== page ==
Step 7: Prepare peaches for freezing

There are three ways to freeze peaches:

Water Pack: Pack peaches into a pint- or quart-size freezer container or bag, leaving 1/2-inch headspace for pints and 1-inch headspace for quarts. Pour water over the peaches, maintaining the specified headspace.

Sugar Pack: Pack a small layer of peaches into a pint- or quart-size freezer container. Sprinkle lightly with sugar; repeat layering, leaving 1/2-inch headspace for pints and 1-inch headspace for quarts. Cover and let stand for 15 minutes or until juicy before freezing.

Syrup Pack: Prepare desired syrup (see below). Pack peaches into a pint- or quart-size freezer container or bag, leaving 1/2-inch headspace for pints and 1-inch headspace for quarts. Pour syrup over the peaches, maintaining the specified headspace.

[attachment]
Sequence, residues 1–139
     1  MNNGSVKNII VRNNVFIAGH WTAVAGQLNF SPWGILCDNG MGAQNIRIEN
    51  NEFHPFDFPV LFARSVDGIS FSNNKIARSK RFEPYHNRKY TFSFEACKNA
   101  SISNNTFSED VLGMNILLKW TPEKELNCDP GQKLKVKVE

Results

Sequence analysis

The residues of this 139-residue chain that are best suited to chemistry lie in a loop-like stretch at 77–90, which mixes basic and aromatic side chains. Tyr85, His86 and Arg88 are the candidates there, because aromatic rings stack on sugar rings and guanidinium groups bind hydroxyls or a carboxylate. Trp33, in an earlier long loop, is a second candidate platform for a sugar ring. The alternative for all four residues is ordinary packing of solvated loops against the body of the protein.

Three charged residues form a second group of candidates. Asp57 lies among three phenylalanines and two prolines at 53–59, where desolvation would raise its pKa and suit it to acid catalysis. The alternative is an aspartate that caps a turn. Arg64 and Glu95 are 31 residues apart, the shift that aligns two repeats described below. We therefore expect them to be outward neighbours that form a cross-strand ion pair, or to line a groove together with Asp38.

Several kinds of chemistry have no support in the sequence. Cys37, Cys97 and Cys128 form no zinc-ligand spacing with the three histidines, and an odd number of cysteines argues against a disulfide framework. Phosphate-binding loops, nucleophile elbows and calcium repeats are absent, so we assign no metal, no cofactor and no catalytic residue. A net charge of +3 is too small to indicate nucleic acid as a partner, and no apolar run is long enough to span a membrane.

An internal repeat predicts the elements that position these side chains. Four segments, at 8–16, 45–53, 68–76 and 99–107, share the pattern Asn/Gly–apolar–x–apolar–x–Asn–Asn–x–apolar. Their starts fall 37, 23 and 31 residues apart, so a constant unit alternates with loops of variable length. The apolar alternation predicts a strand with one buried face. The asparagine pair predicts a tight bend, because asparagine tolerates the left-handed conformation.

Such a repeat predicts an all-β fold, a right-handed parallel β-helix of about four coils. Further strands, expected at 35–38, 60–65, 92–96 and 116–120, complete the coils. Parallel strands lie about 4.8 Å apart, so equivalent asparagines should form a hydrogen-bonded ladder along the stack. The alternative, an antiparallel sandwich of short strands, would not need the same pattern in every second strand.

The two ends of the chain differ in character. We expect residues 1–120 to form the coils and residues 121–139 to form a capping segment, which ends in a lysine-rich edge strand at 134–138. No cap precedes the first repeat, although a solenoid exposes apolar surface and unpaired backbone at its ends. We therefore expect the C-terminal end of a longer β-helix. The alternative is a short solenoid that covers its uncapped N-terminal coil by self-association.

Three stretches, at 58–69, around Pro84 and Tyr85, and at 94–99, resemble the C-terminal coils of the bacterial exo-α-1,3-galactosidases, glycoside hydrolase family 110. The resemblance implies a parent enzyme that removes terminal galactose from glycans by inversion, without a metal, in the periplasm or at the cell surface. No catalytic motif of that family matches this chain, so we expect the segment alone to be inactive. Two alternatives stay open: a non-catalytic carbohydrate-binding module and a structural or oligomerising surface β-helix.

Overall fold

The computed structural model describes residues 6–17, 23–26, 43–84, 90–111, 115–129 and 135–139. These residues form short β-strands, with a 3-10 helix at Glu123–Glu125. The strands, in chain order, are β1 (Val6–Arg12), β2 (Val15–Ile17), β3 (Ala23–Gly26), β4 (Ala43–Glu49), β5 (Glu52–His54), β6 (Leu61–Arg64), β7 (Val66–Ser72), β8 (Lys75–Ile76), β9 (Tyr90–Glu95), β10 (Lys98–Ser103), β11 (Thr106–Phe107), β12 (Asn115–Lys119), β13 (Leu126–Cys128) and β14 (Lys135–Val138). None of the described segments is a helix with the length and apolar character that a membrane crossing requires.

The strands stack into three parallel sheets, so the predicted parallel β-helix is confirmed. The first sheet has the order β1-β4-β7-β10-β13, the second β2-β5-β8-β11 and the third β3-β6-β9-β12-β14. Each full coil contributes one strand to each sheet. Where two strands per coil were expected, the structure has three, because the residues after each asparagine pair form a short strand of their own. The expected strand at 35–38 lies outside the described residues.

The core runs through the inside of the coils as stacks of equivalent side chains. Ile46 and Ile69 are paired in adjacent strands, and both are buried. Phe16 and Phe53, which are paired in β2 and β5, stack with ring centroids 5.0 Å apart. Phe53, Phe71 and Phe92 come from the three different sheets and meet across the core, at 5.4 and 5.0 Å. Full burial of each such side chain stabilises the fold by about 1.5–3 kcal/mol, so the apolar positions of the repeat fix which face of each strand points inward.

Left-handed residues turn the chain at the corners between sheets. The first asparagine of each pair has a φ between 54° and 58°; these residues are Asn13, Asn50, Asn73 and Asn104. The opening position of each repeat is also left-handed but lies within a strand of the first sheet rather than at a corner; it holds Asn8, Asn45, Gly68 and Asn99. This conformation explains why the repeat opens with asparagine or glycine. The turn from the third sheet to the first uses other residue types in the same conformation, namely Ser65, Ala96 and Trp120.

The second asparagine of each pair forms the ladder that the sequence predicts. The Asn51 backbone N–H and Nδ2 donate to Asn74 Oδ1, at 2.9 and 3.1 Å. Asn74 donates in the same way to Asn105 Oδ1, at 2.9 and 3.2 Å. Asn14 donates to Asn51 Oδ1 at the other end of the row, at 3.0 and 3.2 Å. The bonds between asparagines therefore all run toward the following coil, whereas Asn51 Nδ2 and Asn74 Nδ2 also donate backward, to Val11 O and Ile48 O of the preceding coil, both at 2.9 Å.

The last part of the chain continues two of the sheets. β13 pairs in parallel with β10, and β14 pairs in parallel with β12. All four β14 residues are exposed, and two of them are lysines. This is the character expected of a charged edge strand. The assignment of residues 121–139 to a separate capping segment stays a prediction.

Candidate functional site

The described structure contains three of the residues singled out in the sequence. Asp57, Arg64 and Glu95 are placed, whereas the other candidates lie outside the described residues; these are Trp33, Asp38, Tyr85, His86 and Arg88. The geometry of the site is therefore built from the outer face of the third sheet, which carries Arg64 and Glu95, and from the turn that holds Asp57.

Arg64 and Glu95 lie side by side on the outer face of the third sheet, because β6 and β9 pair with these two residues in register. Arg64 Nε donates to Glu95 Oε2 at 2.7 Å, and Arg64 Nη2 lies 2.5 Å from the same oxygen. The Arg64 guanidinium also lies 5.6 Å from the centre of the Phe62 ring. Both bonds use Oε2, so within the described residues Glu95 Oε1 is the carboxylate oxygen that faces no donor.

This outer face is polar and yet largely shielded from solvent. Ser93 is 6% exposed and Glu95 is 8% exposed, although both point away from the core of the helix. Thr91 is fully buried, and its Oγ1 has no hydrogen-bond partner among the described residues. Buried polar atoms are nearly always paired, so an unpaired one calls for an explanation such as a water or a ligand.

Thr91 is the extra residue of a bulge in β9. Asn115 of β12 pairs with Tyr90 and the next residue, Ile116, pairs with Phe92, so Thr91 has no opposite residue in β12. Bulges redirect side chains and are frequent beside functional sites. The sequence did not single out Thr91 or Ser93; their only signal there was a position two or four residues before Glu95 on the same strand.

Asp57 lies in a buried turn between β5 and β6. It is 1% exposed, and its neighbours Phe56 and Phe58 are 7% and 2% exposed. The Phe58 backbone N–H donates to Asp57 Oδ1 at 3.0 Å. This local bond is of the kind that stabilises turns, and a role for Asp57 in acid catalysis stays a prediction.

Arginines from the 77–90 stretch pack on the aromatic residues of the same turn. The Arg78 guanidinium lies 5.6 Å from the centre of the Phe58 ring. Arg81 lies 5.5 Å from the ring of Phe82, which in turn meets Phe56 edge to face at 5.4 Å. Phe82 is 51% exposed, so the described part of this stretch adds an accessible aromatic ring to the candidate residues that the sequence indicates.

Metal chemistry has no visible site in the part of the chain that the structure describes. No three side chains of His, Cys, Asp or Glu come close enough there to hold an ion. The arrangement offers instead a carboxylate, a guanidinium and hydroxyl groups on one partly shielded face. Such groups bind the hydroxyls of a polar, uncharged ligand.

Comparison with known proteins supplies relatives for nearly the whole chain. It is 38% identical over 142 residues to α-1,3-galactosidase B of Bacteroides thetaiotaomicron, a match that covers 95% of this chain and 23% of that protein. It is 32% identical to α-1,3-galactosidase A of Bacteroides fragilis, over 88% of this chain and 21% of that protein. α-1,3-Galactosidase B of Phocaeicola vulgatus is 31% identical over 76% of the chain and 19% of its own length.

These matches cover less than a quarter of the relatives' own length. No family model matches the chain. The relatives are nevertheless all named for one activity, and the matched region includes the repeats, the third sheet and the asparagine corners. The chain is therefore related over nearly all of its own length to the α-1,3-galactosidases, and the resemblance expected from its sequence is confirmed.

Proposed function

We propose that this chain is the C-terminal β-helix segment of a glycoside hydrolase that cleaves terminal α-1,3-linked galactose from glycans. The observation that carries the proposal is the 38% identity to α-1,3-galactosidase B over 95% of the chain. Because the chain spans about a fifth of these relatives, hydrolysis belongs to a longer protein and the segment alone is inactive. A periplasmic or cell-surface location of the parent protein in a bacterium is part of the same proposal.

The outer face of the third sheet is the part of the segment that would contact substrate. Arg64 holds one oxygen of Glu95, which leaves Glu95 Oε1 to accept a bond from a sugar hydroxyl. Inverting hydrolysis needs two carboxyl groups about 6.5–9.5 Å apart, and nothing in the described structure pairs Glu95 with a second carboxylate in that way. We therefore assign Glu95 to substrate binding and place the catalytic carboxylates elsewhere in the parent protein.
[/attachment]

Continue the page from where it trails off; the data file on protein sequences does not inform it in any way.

To prepare syrup: Place the recommended amounts of sugar and water (see below) in a large saucepan. Heat and stir until the sugar dissolves. Remove from heat and skim off foam, if necessary.

Tip: Allow1/2 to 2/3 cup syrup for each 2 cups peaches.

Very Light Syrup: Use 1 cup sugar and 4 cups water to yield about 4 cups syrup.
Light Syrup: Use 1-2/3 cups sugar and 4 cups water to yield about 4-1/4 cups syrup.
Medium Syrup: Use 2-2/3 cups sugar and 4 cups water to yield about 4-2/3 cups syrup.
Heavy Syrup: Use 4 cups sugar and 4 cups water to yield about 5-3/4 cups syrup.

Step 8: Freeze peaches

  • Wipe container rims (if using).
  • Seal containers or bags according to manufacturer's directions, pressing out as much air as possible.
  • If necessary, use freezer tape around lid for a tight seal.
  • Label each container or bag with its contents, amount, and date. Lay bags flat; add bags or containers to freezer in batches to make sure they freeze quickly. Leave space between containers or bags so air can circulate around them.
  • When frozen solid, the containers or bags can be placed closer together.
  • Use frozen peaches within 8 to 10 months.